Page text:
There has been much in the press lately about the impact of Judicial Reviews (JR’s) on major planning applications. Some find them a profound irritant. Others think they are the champion of the man in the street. Most of us tend to glaze over when they are mentioned. So Michael High, the CALNI vice-chair has been surfing the net and offers his engineers guide to JR’s.
The JR’s that CALNI are interested in are nothing to do with the actor shown here. Judicial Reviews are serious, they are expensive and are not to be undertaken lightly. Wikipedia gives the following definition of a Judicial Review:-
Judicial review is a procedure … by which the courts supervise the exercise of public power on the application of an individual. A person who feels that an exercise of such power by a government authority, such as a minister, the local council or a statutory tribunal, is unlawful, perhaps because it has violated his or her rights, may apply to the Administrative Court (a division of the High Court) for judicial review of the decision and have it set aside (quashed) and possibly obtain damages. A court may also make mandatory orders or injunctions to compel the authority to do its duty or to stop it from acting illegally.
"The basis of judicial review rests in the free-standing principle that every action of a public body must be justified by law..." Laws LJ in R (Beeson) v Dorset County Council  UKHRR 353 at 
The fact that a High Court Judge can set aside the decision of a democratically elected Minister has proved to be particularly irksome to some Stormont ministers. However, the JR is not a blunt stick with which campaign groups such as CALNI can beat up poor defenceless politicians. It may only be invoked in particular circumstances. The Public Law Project has provided several helpful leaflets to explain in detail the nature of Judicial Reviews and how they should be used. They summarise the grounds for appeal to a JR as follows:-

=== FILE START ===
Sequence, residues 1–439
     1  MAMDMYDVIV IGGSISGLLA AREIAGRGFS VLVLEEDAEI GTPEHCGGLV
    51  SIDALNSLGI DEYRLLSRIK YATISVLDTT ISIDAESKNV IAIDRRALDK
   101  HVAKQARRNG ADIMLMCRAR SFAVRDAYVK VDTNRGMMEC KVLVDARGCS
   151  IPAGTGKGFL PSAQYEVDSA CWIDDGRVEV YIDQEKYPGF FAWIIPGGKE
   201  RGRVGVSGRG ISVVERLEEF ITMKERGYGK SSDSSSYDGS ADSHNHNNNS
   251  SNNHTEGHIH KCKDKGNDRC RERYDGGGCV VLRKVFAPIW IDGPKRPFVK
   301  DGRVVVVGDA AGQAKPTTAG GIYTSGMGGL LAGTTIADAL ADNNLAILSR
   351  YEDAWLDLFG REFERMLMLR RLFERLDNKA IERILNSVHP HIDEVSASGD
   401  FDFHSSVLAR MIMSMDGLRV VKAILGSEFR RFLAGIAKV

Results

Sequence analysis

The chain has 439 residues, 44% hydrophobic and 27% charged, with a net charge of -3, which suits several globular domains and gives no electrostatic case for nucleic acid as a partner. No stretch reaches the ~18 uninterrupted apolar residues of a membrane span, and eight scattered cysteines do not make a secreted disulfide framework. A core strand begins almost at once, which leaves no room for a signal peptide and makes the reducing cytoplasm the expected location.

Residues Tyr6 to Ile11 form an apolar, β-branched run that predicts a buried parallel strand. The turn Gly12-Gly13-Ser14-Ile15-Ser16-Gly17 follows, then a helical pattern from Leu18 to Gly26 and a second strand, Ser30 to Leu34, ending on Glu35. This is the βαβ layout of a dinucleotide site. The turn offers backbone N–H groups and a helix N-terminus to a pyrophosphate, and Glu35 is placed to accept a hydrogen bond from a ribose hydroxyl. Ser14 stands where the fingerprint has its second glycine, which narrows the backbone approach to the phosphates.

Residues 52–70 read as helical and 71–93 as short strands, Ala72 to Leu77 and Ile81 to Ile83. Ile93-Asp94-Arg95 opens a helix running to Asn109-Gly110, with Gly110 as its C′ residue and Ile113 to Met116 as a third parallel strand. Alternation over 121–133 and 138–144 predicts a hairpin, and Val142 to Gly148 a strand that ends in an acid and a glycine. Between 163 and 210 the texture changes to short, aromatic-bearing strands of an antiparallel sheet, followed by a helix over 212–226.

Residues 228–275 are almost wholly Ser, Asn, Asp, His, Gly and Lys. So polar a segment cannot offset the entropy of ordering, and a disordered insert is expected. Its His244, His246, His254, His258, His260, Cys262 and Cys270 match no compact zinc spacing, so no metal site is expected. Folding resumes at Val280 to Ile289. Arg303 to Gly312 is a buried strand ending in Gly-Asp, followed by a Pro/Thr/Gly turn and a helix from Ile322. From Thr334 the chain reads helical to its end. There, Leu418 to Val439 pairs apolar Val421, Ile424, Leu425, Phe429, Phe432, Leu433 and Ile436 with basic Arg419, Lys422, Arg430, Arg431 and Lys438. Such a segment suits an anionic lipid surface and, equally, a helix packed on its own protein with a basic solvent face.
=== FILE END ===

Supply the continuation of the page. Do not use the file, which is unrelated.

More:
The ultimate means by which public law disputes are resolved is by bringing the matter before the Administrative Court using a claim for judicial review. Broadly, in order to succeed, the claimant (the person or body bringing the case) will need to show that either:
- the person or body is under a legal duty to act or make a decision in a certain way and is unlawfully refusing or failing to do so; or
- a decision or action that has been taken is ‘beyond the powers’ (in Latin, ‘ultra vires’) of the person or body responsible for it.
Only then, will a public law wrong have occurred. Generally, it does not matter if the judge, faced with the same decision, would have decided the merits of the case differently. This reflects the fact that judicial review involves ‘supervision’ of administrative decision making – did the public body act in a lawful manner in deciding the way that it did. There are three categories of public law wrongs which are commonly used and which will be considered in turn:
- Fairness; and
- Irrationality and proportionality.
At CALNI, we recognise that Planning Policy is set by our politicians and may be amended by them through legislation. If our politicians do not like the way that current policy will direct certain decisions, they are the people to change the policy. However, they cannot change policy or procedures on the fly. There is a due process to be followed and there are rules to be obeyed. If we feel that the process has not been followed or the rules broken, we will ask permission of the Court to seek a Judicial Review.
Links to related news items reported by the BBC…
Poots voices anger over planning delays, 30th September, 2010
Attorney General asked to rule on Poots comments, 5th October, 2010